Interview with Kamilla Szíj, fine and graphic artist
Kriszta Dékei: You were born and went to school in Budapest, but took your degree at the University of Art and Design in Offenbach am Main. Why?
Kamilla Szíj: After leaving secondary school, I studied window dressing and worked as a window dresser for four years. Then in 1981/82 I applied to the Graphics Department at the Academy of Fine Arts. I wasn’t accepted and realised that many people applied year after year trying to get a place. This put me off, so I decided not to get involved with it. In 1983 I went to Germany intending to study. In those days this was defecting, but I was in an easy situation as I was granted German nationality because of my family.
What was studying there like?
Looking back, I’m really pleased I studied there and not in Hungary because the Hochschule für Gestaltung was a very free art school. There was no pressure to specialize and everyone had to try their hand at everything in the first two years. I made videos and photos, painted and learnt typography, which I wouldn’t have done otherwise. Having completed that, you were free to concentrate on the area you liked best.
And that’s how you came to graphics?
I worked in the graphics studio in the basement. That was the place that appealed to me most, the calmest place. It was so calm that the teacher didn’t speak to me for six months. Of course, that was because – although I’m usually very prompt – I was late for the first lesson. My teacher told me off, and I, out of spite, didn’t ask anything for half a year.
© Photo by Christina Hartl-Prager
Is that why you began experimenting?
No. I didn’t like the point of reproductive graphics – that several copies are made of the same picture. There are so many images in the world, why make more of the same one? What excited me was how I could use drypoint technique yet make it different. At first I drew on the prints but I soon realised that this was a stupid way of doing it. Next I drew on four plates at the same time and created the drawing by turning the plates repeatedly and continuing the same lines. This had the effect of making the drawing denser. I made the images by printing different arrangements of the plates every time, thus I always produced a different image from the same cliché. I made many different variations, sixteen or so, and from these I compiled the final large picture. There are two things in this that are important to me.
One is that the pressure to compose can be eliminated because the image composes itself. As I pick up the lines, continuing them on another sheet, a rhythmic structure is created. The other thing is that these are large images. The reason why the large size is important is not because it looks good or is exciting, but because this structure only becomes apparent when I put several variations side by side.
Even in your early works it is evident that you broke with the format imposed by the constraints of exhibiting in a confined space. These prints and drawings step out into space. You have displayed a double-sided work hanging away from the wall and you have also created a ten metre long cylinder that you lay on the ground, not to mention your corner pictures or your work that you presented slightly leaning. What is the reason behind this?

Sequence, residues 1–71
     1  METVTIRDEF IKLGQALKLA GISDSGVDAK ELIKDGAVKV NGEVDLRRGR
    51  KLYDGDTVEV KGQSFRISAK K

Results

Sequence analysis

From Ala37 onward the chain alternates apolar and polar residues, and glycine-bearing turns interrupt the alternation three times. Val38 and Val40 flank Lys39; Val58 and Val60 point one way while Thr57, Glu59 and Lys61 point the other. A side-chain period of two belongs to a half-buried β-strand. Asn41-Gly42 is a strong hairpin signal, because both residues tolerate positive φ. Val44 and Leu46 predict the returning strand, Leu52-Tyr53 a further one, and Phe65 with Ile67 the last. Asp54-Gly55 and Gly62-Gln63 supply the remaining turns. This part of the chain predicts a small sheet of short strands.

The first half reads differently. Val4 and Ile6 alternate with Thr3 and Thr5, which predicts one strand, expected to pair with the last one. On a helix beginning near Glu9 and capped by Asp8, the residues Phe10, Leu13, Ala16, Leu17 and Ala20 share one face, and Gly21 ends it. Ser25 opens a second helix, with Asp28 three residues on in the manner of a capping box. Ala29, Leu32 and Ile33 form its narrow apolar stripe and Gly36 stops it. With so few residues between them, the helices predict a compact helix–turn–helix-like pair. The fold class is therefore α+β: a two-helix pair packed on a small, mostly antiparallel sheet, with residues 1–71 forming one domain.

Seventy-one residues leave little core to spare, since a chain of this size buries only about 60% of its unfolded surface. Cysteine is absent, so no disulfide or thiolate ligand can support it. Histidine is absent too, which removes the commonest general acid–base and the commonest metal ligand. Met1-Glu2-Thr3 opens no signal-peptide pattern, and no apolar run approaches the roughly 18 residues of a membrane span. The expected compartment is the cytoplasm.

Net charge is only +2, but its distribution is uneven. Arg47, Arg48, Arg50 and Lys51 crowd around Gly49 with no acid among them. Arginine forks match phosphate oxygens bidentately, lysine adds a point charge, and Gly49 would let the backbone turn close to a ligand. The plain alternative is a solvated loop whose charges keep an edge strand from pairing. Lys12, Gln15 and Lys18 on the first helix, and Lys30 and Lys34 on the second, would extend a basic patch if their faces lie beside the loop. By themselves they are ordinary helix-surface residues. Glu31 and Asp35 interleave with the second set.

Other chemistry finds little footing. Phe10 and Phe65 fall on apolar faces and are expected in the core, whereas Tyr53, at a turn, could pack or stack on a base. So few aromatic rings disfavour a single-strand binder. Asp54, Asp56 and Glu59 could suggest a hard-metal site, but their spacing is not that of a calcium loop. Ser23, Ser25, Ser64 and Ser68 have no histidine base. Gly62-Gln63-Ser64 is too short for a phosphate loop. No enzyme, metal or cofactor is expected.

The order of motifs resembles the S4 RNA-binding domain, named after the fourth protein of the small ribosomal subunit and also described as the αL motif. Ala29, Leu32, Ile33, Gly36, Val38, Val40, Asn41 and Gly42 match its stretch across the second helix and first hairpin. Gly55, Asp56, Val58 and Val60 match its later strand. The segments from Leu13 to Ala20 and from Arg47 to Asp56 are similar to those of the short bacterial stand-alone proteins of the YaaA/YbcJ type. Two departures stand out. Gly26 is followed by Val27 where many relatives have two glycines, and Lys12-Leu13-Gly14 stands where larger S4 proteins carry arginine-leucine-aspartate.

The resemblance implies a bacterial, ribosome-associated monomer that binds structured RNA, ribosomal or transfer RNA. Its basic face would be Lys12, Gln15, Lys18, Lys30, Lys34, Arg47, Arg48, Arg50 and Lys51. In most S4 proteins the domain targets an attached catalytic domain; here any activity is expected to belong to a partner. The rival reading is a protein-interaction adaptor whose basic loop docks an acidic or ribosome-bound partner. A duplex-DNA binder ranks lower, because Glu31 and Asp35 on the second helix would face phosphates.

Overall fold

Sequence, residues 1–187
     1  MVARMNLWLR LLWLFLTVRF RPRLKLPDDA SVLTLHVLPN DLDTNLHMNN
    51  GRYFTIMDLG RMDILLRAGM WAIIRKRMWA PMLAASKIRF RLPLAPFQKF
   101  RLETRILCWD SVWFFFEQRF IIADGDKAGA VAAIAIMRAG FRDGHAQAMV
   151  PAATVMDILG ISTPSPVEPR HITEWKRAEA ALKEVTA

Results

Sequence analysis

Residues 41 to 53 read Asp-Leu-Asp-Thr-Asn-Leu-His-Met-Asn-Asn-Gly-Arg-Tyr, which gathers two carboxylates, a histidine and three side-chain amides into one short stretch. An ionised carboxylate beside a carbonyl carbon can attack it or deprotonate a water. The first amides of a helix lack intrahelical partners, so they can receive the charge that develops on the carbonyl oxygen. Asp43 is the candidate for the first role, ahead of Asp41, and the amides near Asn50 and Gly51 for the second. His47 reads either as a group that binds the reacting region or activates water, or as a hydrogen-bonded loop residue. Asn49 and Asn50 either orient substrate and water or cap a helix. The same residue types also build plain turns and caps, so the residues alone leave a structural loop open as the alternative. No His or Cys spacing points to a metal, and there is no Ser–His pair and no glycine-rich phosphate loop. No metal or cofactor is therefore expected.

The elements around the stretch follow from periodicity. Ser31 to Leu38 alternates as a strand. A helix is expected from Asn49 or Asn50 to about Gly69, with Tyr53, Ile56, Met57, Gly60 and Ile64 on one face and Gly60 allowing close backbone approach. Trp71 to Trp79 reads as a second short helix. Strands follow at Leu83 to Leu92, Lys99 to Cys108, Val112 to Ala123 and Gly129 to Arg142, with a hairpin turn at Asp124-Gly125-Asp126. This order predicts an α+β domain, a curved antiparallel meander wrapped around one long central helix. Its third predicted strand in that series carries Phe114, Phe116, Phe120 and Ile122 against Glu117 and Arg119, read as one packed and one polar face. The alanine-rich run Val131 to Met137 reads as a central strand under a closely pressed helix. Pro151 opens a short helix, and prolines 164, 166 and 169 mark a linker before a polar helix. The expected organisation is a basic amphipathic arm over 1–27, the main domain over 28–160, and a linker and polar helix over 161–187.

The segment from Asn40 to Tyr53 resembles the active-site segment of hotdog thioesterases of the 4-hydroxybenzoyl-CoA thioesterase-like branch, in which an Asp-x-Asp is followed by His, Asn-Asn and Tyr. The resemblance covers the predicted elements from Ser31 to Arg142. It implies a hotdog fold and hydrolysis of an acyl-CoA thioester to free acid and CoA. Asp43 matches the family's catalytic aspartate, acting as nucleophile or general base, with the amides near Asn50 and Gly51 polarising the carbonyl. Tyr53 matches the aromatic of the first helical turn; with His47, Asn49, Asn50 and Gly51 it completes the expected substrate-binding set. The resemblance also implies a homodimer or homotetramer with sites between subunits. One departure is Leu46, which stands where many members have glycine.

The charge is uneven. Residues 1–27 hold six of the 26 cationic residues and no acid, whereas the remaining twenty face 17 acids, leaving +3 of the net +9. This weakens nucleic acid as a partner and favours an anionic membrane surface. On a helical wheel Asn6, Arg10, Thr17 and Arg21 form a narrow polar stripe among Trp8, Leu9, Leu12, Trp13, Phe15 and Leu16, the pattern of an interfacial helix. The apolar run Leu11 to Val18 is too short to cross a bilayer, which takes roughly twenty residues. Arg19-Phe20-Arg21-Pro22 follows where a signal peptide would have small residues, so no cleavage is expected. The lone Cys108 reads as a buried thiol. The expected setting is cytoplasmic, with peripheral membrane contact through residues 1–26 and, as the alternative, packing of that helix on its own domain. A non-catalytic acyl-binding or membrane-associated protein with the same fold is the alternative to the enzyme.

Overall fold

Maybe it was because at university I did a course called 3D Modelling, where we made installations. I really enjoyed the course and it went really well. It had a lasting effect on me in displaying large drawings and also in not framing them. Last year I had a solo exhibition, No More No Less, at the Óbudai Társaskör Gallery. There, for instance, because I deal with line and broken line, I drew a single line in space, nothing else, but in a way that its shadow was a broken line. I wanted to make an installation and a spatial drawing at the same time.
You once said that you were most interested in drawing.
I’ve always drawn in sketchbooks but I’ve never shown them to anyone because I think of them as my private business. There are drawings in these that I would never use in full or on a large scale but there are elements that I’ve been able to develop later. One such element is the hatching-like network of lines in the background which came increasingly into the foreground until it acquired its own life and became a component in my drawings on large surfaces.
Untitled, 2011, drypoint, 70 × 100 cm
Why do you use such “simple” tools as pencil and paper?
When I started studying in Germany, computers and video were booming. Technical things were the rage. I, however, felt that it was not technology or current fashion that determined whether you make good things but the mindset, and new technical devices are not absolutely essential for this. My approach was to show to myself that I could express new thoughts using even the simplest, most conventional tools, pencil and paper. So I have retained paper and pencil or the print as minimal, reduced tools.